December 22, 2006
International Herald Tribune
"...a new look at global atomic energy supplies is sorely needed."
December 19, 2006
By Debra K. Decker, Former Associate, International Security Program/Project on Managing the Atom, 2006–2011
The growth of the nuclear club provides more opportunities for terrorists to acquire deadly materials. That means the world needs a new strategy of deterrence. What could help keep the right ingredients out of the wrong hands? Giving bombs birth certificates.
December 13, 2006
Center for Public Leadership News
By Xiaohui (Anne) Wu, Former Associate, International Security Program/Project on Managing the Atom, 2007–2010; Former Research Fellow, International Security Program/Project on Managing the Atom, 2004–2007
"Outgoing UN Secretary General Kofi Annan’s recently concluded efforts to promote the deliberation among the UN’s 192 member states on a global counterterrorism strategy may well represent the most difficult challenge he has faced in what many see as the most difficult job in the world. After months of consultations starting from a debate on Kofi Annan’s recommendations, member states finally reached consensus this past September on such a strategy, the first of its kind in UN history....Difficulties...led Annan to realize that the only way he could achieve a breakthrough on the issue of terrorism was to focus on the practicalities of a counterterrorism strategy. No matter how much member states differ on the definition of terrorism, he reasoned they share the common interest in stable development. This common interest ultimately proved decisive."
December 11, 2006
By Joseph S. Nye, Harvard University Distinguished Service Professor
"One of the great costs of the Bush administration's mistaken Iraq policy has been to divert attention and resources away from the just war in Afghanistan. If only a small portion of the money and forces invested in Iraq had been devoted to Afghanistan, the current threat of a resurgent Taliban and Al-Qaeda might not be so great."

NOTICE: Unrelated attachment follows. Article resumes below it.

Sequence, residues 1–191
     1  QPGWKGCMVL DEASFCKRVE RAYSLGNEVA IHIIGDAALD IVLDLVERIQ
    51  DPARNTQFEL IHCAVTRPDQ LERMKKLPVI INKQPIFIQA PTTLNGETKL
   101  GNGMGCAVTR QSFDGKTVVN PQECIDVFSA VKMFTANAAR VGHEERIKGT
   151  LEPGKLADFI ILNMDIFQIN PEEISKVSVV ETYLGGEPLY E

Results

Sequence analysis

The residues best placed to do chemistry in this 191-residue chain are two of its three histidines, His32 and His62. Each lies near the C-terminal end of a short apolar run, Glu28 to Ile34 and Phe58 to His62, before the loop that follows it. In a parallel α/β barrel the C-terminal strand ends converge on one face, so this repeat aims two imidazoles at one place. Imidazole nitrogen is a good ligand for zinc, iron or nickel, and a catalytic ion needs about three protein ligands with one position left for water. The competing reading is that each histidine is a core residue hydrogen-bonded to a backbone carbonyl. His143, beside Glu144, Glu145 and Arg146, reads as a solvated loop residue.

December 6, 2006
By Dr. William J. Perry, Former Co-Director, Preventive Defense Project
There is no magic formula to solve the problems of Iraq. However, there are actions that can be taken to improve the situation and protect American interests.
J. Ann Tickner and Laura Sjoberg explain the theoretical background to feminism in international relations before showing how and why their theory matters.
This cutting-edge textbook is the most comprehensive introduction to international relations theory available. It argues that theory is central to explaining the dynamics of world politics, and includes a wide variety of theoretical positions, from the historically dominant traditions to powerful critical voices since the 1980s.
December 1, 2006
The Boston Globe
By Chuck Freilich, Senior Fellow, International Security Program
"...we may be witnessing the death pangs of the Middle East "peace process," with significant ramifications for US policy in the region and even globally."
December 1, 2006
By Joshua Gleis, Former Associate, International Security Program, 2008-2009; Former Research Fellow, International Security Program, 2006-2008
"Hizballah is quite open about not playing by the normal rules of engagement. As Hizballah leader Hassan Nasrallah stated in early August, "We are not a regular army, and we don't fight like a regular army." Hizballah very clearly operates out of heavily populated civilian areas, and its fighters are often outwardly innocent-looking workers during the day and warriors at night, making the distinction between civilian and combatant even more difficult. Their offices and infrastructure are often in the midst of, below, or inside residential apartment buildings, usually within a sympathetic city or suburb."
International Studies Quarterly, issue 4, volume 50
By Laura E. Sjoberg, Former Joint Research Fellow, International Security Program and the Women and Public Policy Program, 2005–2006
The discipline of international relations has had different reactions to the increased salience of gender advocacy in international politics; some have reacted by asking feminist questions about IR, while others have encouraged the study of gender as a variable disengaged from feminist advocacy. This article takes up this debate simultaneously with current debate on gender and the noncombatant immunity principle.